Review in a Hurry: Swinging into theaters in time for Earth Day, this beautifully photographed documentary follows baby chimp Oscar—not played by Andy Serkis—and his family through an African rainforest. Your own wild tribe will be entertained by the feisty hero and his monkey shenanigans.
The Bigger Picture: Chimpanzee is safer than a trip to the zoo. You won't see any primates here throwing their poop or engaging in, um, other monkey business—this is Disney, after all. So load up the kids for this True-Life Adventures installment, the fourth in the Disneynature series, following Earth, Oceans and African Cats.
In the Taï Forest in the Ivory Coast, a spirited young chimpanzee named Oscar learns the ways of the jungle world under the watchful eye of his mama, Isha. Adorable Oscar plays with friends, learns to climb trees, and—in the funniest sequence—tries to crack open nuts with branches and stones.
Tragedy strikes Oscar's family when they're confronted by a rival band of chimpanzees, led by the menacing Scar. Wait, Scar? Is Disney cross-promoting The Lion King with a same-named villain?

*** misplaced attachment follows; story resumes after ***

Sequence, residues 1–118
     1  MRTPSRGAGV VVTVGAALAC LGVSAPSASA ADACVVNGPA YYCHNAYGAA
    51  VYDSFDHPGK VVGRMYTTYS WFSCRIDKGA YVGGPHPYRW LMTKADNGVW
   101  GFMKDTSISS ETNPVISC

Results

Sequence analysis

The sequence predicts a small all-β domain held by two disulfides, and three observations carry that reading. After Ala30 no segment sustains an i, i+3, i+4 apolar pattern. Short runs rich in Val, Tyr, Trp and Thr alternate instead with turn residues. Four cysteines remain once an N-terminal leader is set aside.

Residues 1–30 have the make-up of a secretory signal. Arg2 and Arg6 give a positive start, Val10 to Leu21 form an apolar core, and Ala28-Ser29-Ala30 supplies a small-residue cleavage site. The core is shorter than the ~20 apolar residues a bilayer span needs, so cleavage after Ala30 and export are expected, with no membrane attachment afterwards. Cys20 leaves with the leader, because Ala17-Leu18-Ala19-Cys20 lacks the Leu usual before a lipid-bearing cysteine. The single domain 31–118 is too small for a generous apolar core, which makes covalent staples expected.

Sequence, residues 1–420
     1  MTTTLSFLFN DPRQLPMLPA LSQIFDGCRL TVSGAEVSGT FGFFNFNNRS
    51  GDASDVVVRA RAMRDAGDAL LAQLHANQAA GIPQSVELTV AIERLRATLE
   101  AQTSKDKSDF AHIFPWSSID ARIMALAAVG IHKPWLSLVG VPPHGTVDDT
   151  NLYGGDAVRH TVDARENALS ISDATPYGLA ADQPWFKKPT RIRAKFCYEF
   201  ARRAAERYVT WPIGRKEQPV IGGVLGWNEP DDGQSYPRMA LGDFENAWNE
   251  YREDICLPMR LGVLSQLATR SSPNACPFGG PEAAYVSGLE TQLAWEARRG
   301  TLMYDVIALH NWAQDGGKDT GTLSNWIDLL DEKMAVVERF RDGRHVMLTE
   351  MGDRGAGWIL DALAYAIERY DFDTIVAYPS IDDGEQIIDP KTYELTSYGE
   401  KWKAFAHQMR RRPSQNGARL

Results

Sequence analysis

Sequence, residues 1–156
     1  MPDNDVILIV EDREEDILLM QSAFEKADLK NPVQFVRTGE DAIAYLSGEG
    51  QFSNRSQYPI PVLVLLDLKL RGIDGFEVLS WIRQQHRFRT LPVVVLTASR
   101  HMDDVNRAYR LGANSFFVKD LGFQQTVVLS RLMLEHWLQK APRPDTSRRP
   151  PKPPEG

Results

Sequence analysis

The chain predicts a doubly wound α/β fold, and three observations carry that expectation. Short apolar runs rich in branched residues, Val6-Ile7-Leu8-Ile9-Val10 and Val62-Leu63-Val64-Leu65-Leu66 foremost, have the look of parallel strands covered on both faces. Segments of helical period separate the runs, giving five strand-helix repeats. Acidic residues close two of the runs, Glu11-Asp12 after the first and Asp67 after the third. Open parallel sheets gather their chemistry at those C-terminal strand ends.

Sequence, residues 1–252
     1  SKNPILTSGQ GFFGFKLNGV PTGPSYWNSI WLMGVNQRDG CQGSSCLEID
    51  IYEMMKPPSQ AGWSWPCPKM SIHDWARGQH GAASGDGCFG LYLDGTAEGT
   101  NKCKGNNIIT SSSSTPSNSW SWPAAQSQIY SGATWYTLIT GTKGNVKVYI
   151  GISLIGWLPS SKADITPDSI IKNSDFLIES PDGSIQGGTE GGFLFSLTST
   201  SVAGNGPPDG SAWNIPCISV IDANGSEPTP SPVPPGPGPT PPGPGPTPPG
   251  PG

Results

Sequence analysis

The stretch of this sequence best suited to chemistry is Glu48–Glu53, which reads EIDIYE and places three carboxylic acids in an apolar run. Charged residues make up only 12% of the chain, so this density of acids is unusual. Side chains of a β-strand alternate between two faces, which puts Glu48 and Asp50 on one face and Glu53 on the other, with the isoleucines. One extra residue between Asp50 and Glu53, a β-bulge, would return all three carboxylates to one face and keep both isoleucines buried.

Little orphaned Oscar has to fend for himself until he finds a surprising ally in Freddy, the alpha-male leader. The filmmakers attempt to drum up additional drama with a nut-grove turf war and potential mutiny within Scar's ranks, but it feels like manufactured conflict. Heck, you could create a drinking game with all the references to Scar's scary cohorts—his "gang," "thugs," "army," "troops" and "mob."
Chimpanzee showcases gorgeous mist-covered vistas, majestic waterfalls, and breathtaking time-lapse photography. And Tim Allen's friendly narration helps tie the story together without getting too precious.
The 180—a Second Opinion: Wee ones (or anyone, for that matter) might be upset by an intense sequence where the chimpanzees hunt, kill, and eat a small monkey, though it's bloodless and mostly off-screen.